I have always been an ambitious person and I think that has helped me to get where I am today. I also consider myself quite brave as to choose this career path was definitely not mainstream and with the points I received in my Leaving Cert. I could have gone on to do Primary School Teaching which was number 1 on my CAO. At times even though I have felt scared I've never turned down a job or an opportunity. I've always been an organised person and I really think I'd struggle with this career if I wasn't.
What is your dream job?
Almost everyone working in the performing arts will tell you that to perform in the West End Or Broadway would be the dream and I'm no different. To be part of a show of such a standard would just be incredible. At the moment I want to perform as much as I possibly can as the performance career for a dancer is normally quite short. After though I'd love to focus even more on choreography and perhaps teach at a dance university or open my own dance school.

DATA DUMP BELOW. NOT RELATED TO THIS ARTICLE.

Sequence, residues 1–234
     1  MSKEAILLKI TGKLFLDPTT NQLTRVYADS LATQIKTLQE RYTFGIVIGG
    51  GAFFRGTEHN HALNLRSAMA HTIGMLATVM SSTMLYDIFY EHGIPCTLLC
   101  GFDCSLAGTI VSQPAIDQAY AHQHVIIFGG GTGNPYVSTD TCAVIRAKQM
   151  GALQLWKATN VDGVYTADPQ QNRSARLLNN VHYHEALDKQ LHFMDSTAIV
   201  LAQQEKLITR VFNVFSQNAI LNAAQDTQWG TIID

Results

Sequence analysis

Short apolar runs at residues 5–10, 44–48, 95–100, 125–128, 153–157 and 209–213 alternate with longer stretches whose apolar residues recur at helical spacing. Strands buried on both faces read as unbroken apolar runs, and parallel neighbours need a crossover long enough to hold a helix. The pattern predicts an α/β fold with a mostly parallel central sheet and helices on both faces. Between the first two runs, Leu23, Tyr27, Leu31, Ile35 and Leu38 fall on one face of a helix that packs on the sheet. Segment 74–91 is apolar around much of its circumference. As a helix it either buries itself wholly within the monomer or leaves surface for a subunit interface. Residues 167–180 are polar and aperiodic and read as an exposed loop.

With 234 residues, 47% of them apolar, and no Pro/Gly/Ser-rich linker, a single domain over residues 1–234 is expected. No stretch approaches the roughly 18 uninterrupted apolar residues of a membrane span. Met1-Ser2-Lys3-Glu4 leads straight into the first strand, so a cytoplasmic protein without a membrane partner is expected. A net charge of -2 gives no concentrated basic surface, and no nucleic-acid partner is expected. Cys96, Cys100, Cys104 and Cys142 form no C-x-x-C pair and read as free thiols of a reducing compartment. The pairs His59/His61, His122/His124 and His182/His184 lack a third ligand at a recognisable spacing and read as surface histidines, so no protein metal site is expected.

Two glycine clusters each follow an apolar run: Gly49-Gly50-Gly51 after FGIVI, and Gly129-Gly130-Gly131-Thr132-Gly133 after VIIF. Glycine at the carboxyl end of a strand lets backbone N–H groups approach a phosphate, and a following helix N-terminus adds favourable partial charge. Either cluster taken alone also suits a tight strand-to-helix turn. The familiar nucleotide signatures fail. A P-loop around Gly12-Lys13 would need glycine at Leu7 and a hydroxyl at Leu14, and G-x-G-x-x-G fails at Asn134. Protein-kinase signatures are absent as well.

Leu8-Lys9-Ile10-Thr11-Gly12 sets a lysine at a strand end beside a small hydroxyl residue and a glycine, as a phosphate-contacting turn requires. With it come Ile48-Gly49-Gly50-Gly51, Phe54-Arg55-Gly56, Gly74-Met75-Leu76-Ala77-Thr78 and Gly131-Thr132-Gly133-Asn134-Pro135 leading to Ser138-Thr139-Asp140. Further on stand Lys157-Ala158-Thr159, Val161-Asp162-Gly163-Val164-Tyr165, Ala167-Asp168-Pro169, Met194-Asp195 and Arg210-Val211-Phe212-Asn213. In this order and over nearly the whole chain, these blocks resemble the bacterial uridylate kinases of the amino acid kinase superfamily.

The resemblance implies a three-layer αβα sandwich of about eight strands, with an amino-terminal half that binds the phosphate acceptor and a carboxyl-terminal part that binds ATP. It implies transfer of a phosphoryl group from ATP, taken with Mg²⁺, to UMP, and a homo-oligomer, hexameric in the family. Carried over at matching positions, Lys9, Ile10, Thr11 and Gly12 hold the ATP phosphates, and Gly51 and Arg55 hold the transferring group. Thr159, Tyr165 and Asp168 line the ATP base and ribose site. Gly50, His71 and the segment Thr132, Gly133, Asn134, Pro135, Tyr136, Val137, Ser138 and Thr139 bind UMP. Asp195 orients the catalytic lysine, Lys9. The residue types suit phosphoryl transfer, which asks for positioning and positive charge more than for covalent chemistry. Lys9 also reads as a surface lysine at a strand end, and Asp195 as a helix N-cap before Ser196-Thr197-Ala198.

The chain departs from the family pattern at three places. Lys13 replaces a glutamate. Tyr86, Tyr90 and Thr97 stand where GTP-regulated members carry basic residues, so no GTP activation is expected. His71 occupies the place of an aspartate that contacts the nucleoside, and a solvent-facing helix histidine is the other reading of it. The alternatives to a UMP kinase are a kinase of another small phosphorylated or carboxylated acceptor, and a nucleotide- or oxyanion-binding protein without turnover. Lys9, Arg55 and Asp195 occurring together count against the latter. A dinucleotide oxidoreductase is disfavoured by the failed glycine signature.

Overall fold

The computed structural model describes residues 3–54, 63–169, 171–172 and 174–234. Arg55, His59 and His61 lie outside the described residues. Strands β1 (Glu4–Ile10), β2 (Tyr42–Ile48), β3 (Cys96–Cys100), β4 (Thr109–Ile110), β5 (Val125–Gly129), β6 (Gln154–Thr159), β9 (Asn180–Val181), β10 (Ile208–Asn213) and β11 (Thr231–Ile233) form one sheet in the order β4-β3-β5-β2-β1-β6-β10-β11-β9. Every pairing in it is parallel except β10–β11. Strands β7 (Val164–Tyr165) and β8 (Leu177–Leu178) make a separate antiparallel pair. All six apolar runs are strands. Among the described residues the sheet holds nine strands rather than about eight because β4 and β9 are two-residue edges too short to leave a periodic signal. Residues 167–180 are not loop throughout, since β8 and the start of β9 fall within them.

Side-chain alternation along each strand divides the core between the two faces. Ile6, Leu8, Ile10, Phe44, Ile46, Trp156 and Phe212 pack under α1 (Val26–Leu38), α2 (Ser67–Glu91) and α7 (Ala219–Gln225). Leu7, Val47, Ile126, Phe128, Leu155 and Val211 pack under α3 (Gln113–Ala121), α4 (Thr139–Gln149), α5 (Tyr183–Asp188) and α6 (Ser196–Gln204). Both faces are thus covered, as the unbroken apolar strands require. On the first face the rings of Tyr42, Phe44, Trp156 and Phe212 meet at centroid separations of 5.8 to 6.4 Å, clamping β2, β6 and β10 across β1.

Does your job allow you to have a lifestyle you are happy with?
Being self-employed comes with its advantages as well as disadvantages. As my own boss I can choose the type of work I want to do as well as deciding which days I need free for holidays which is a privilege not many have. Not one of my days is exactly the same so I'm constantly on my feet and adapting. The instability can sometimes be stressful as at certain times during the year there might not be much work and you're never quite sure when your next contract will be.
For this reason it's always necessary to plan ahead and if I know that I'm heading into a quiet spell I need to reign in my spending for a while. Being self-employed as a dancer means that I often travel for work which provides amazing opportunities to see the world while getting paid. This can cause some problems with renting apartments however as there's no point paying rent for somewhere while living and working in a different country.